How often do you re-read your rules.

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cartfc
Posts: 176
Joined: Sun Mar 25, 2012 3:05 am

Re: How often do you re-read your rules.

Post by cartfc » Fri Oct 26, 2018 12:06 pm

I don’t claim to have an exhaustive knowledge of WW2 rules, certainly in terms of playing them all, but of the ones I have had more than a couple of games of I would select the following.
For operation level with a corps per player Megablitz is good. Really need multiple players and have some command structure.
At divisional level not really played anything I was happy with.
Battalion to Regiment/Battlegroup Command Descion I thought gave a good game. Although I did say to Frank Chadwick that I thought the detailed stats for AFV’s were a waste of time. Particularly different movement rates. As each model was a platoon of tanks it is the speed of the formation that is important not of the individual tanks.
Company level I like PBI, but then I was on the development team. Crossfire is also very good and a very innovative set. I have heard good things about IABSM, but never played them.
Platoon level heard good things about the new Disposable Heroes and also CoC, but not played either.
For squads I would go with Nuts! Have also had good games with Force on Force. Particularly good for asymmetric warfare I thought.
As for Rapid Fire I have played it a few times and thought it was a company/platoon level game where you call the the units battalions. In fact in the first set there was a scenario where they did just that and took it down to 1 model = 1 tank.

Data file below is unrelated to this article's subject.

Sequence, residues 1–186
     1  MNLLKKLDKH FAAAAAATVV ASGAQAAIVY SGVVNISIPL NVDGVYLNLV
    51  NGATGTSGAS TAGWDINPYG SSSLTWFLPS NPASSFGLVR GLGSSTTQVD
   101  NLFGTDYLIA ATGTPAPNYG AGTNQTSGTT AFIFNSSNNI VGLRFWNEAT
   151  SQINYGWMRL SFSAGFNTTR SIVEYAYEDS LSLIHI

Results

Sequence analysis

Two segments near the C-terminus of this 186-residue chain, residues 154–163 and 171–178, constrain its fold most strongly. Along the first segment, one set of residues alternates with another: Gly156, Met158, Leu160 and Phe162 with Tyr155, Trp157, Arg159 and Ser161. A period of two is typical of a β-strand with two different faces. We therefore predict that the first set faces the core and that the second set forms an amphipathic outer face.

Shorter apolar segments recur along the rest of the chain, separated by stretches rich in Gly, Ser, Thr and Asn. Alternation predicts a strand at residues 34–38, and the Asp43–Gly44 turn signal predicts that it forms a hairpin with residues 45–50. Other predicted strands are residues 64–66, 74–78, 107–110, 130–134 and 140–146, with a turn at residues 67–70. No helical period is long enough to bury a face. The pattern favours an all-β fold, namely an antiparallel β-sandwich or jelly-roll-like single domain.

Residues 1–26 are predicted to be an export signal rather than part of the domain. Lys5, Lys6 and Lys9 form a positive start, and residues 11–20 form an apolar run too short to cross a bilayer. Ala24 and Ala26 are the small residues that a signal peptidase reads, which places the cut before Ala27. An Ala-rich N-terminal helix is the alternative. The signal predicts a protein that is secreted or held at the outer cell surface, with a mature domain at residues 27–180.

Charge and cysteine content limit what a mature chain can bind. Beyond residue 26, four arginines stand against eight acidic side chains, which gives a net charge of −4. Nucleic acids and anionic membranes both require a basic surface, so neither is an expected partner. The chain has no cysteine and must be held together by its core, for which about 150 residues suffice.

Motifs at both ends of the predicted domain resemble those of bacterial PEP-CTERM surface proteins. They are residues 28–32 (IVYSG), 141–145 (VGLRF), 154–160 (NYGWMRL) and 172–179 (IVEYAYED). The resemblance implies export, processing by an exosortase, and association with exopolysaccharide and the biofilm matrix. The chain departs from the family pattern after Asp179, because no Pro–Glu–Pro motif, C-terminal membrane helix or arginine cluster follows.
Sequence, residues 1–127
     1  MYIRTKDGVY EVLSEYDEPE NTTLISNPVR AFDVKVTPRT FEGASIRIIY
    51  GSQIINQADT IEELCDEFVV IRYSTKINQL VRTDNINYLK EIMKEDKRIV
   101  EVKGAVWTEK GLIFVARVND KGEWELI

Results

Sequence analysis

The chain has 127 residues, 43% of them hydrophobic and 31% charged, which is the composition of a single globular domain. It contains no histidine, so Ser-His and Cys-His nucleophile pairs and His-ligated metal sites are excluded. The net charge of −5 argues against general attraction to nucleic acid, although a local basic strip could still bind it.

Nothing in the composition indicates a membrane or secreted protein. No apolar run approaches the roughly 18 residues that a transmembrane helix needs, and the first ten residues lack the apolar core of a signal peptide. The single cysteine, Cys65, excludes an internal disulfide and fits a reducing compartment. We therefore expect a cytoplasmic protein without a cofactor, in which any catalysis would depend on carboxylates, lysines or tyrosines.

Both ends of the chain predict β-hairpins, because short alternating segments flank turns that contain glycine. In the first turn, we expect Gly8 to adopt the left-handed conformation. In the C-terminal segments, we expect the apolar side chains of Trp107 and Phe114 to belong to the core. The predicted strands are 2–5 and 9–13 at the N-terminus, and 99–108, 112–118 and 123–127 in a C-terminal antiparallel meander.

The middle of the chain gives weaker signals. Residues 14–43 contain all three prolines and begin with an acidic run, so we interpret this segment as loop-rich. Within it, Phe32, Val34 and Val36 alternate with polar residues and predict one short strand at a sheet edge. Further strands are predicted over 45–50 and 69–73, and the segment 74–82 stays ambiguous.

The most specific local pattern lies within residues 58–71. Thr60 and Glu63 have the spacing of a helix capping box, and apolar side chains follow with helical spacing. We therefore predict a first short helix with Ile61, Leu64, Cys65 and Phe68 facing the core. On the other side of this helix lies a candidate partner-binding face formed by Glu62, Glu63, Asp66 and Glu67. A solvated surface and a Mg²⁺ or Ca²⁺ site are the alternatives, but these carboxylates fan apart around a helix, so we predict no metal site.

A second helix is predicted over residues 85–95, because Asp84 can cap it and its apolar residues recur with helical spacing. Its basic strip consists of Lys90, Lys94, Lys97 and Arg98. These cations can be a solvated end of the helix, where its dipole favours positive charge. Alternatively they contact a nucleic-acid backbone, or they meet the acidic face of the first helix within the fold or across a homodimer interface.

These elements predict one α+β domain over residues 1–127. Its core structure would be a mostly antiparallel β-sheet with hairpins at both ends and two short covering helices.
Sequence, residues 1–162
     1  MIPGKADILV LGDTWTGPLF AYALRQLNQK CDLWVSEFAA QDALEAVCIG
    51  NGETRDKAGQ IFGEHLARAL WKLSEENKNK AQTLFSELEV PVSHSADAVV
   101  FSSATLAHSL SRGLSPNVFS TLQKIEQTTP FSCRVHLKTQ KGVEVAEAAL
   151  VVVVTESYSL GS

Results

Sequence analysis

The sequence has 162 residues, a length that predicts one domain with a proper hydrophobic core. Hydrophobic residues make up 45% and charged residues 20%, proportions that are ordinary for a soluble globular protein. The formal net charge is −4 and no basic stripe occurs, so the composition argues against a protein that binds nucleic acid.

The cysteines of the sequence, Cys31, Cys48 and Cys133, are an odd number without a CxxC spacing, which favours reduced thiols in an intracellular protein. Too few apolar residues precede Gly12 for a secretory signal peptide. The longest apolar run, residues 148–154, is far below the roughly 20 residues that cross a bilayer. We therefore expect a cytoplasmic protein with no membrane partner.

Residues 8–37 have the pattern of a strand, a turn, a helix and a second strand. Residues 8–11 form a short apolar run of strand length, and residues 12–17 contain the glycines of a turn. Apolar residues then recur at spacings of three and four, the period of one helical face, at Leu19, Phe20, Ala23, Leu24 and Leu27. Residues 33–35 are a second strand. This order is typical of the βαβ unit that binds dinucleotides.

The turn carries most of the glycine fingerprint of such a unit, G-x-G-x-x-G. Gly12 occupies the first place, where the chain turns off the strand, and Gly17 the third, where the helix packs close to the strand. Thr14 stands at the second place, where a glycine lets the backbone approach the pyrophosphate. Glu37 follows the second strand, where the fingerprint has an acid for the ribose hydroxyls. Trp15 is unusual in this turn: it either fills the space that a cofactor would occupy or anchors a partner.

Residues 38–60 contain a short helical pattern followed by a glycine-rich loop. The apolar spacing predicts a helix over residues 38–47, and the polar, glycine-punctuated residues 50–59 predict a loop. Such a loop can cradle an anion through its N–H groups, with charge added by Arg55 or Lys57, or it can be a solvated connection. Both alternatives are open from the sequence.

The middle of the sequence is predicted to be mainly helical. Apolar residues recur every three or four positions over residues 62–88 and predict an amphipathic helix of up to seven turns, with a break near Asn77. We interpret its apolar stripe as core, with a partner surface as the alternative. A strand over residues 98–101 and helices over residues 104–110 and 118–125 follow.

Cheers Fred.

UshCha
Posts: 103
Joined: Wed Sep 21, 2016 12:41 pm

Re: How often do you re-read your rules.

Post by UshCha » Fri Oct 26, 2018 2:50 pm

I thought crossfire was excellent in its original conception and was a very plausible set. However to me it went to pot once they introduced artillery. The original conception was that most of the board was within effective rifle range, if you could see it. By definition that meant everywhere would be in the danger zone of artillery. However that was not what was represented. To me it left simulation and whent to a game, which to me removes any interest whatsoever. To be fair crossfire was an excelent demonstration in its early form, that an excessive pre-ocupation with range is uneccessary to reproduce actual tactics at close quarters. It also did very well in encourageing urban terrain more like the real world than many wargames.
To be honest there are some merits to Phil barkers old 1925 to 1950 set. Through is its obsessed with range and does not reflect well on the performance of machine guns except when using area fire, its use of Modes was ground breaking. Unfortunately I bought it because it said it was for upto battalion level. That became quickly evident for a typical game, at most a company was the limit and again the terrain system fell apart above about a platoon level. Unfortuanately I was not then a wargames designer so had no idea of how to fix it.

Even the points system had merit above todays drivel, it allowed for more plausible scenarios allowing an actual attacker and defender and balenceing resourses accordingly.

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